Blending | Hydrogen Ready Equipment | Green H2 | Compression



A unique one-day event with keynote, round table and multiple seminars from leaders in hydrogen.



8:00 - 9:00 am



9:00 - 9:05 am


Jack Burke, KHL



9:05 - 9:45 am  KEYNOTE:

Key engineering elements of repurposing natural gas assets for blended hydrogen service.

Jeff Falkiner, Enbridge



9:45 - 10:10 am

Methods and the future of hydrogen compression.

Peter Roth, Sundyne


10:10 - 10:35 am

Hydrogen Fuel-Gas Blending – Engine Performance Benefits on Large-Bore Integral Compressors

Jordan Smith, Hans Mathews, Cooper


10:35 - 11:15 am



11:15 - 11:40 am

Hydrogen Combustion in Gas Compression Reciprocating Engines

Will Kernan, Oil & Gas Product Strategist, Caterpillar


11:40 - 12:05 pm

Challenges Associated with High Pressure, Non-Lubricated, Hydrogen Reciprocating Compression

Burak Bekisli and Craig Martin, Dover/Cook


12:05 - 1:30 pm




1:30 - 2:10 pm KEYNOTE:

The technical aspects of hydrogen compression

Jacob Saletsky, Williams Companies



2:10 - 3:10 pm

Round-table: The changing shape of our energy infrastructure

Noureen Faizee, director, strategy & growth – hydrogen at Worley; Luiz Soriano, sales and business development manager at Siemens Energy; and Patrick McCalley, sales and product manager, hydrogen economy- Americas, with NEA Group.


3:10 - 3:50 pm



3:50 - 4:15 pm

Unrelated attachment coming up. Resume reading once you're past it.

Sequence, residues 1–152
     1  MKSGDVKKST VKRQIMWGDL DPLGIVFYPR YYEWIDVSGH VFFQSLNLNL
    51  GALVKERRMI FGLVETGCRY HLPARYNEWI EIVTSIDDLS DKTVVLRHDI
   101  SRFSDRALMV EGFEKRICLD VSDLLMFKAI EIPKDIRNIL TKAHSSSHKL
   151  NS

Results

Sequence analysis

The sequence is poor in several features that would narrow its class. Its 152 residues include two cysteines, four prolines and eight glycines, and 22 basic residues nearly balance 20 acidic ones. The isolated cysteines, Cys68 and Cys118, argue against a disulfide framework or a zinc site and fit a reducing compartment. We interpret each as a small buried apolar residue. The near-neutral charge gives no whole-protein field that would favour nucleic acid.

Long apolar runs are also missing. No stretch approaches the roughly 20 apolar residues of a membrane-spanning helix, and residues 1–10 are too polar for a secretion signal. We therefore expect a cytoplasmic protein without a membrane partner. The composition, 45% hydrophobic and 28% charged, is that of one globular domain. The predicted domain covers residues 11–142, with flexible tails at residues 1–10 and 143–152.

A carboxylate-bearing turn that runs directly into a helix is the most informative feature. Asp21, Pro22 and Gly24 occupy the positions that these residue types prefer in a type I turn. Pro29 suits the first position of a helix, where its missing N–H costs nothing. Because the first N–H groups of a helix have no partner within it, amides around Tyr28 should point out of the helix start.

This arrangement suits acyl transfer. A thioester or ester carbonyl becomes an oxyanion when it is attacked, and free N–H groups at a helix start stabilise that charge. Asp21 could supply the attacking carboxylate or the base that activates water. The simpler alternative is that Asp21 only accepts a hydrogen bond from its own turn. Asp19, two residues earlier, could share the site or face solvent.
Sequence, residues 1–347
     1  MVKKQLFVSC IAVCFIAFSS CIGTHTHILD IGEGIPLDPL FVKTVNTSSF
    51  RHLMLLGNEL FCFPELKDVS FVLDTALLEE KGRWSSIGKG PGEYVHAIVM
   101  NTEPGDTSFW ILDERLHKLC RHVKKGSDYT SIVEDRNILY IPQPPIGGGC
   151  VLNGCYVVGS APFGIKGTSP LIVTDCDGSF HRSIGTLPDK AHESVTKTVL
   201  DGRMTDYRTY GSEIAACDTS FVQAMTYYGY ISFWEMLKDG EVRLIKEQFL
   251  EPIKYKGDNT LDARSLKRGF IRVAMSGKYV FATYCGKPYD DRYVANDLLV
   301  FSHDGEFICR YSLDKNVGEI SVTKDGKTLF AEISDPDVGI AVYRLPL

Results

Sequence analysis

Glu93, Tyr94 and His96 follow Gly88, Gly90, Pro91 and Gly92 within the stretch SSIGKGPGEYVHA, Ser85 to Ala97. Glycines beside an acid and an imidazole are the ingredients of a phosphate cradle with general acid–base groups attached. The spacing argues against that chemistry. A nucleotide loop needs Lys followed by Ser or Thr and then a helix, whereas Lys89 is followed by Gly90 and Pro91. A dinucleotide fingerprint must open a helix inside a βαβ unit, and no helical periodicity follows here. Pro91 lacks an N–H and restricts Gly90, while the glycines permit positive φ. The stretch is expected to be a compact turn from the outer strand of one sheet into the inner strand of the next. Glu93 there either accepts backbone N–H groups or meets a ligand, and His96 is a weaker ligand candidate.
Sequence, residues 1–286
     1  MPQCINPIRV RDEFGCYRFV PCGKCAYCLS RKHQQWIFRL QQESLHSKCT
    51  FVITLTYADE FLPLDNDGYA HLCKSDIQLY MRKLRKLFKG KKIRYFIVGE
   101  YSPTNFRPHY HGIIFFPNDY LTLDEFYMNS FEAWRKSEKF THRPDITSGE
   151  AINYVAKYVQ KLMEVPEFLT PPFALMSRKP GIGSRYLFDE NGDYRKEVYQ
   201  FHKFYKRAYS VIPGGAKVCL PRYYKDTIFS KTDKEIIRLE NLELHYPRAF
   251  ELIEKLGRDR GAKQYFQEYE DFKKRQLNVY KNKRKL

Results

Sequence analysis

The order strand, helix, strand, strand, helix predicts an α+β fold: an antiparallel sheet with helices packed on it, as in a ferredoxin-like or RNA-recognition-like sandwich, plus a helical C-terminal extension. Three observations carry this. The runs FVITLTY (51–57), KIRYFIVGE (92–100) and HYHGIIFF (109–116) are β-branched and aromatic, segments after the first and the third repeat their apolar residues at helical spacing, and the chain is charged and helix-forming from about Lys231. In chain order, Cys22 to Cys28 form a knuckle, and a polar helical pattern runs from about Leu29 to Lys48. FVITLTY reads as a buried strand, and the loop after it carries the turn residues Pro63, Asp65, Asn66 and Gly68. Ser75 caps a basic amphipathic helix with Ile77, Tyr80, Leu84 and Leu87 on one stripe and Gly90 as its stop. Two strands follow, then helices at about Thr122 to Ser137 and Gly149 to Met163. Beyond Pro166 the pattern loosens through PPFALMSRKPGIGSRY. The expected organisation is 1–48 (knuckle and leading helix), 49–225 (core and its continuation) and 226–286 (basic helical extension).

Perspectives on hydrogen blending.

Marybeth McBain, Elliott Group


4:15 - 4:40 pm

Valve Performance: A Key Element for Reliability and Efficiency of Reciprocating Compressors

Joel Sanford, Stephen Chaykosky, Siemens Energy


4:40 - 4:45 pm


Jack Burke, KHL


Key engineering elements of repurposing natural gas assets for blended hydrogen service

Though hydrogen is not an energy source, it does have a major role to play in decarbonizing existing energy infrastructure. The criticality of ensuring due diligence is undertaken prior to repurposing natural gas assets will be laid out with an example of both past and current efforts Enbridge is undertaking in the hydrogen blending space. In addition, efforts being made to decarbonize gas turbine driven compressors will be presented, as well as upcoming studies on hydrogen impacts to large scale gas transmission compression assets.



The technical aspects of hydrogen compression

Jacob will discuss some of the technical aspects of hydrogen compression. He will address why Williams has plans to play a large role in clean hydrogen production and transmission. He will describe the motivations behind using hydrogen-based fuel to decarbonize existing natural gas assets. The presentation will include a summary of its recent field test in Wyoming on a legacy Cooper 6V-250 reciprocating engine. He will discuss the results of those field tests, the effects of hydrogen blending on combustion emissions and stability and the modifications needed for permanent installation. His presentation will include how Williams will utilize these results and the next steps for Williams.


Hydrogen Fuel-Gas Blending – Engine Performance Benefits on Large-Bore Integral Compressors
Cooper Machinery Services

This presentation will cover the performance and resulting exhaust emissions benefits and trade-offs of a range of Hydrogen/Natural Gas blends when used to fuel large-bore slow-speed integral compressors. Both in-house test-cell data as well as results from field testing which identify clear trends to the benefits and trade-offs will be discussed in detail.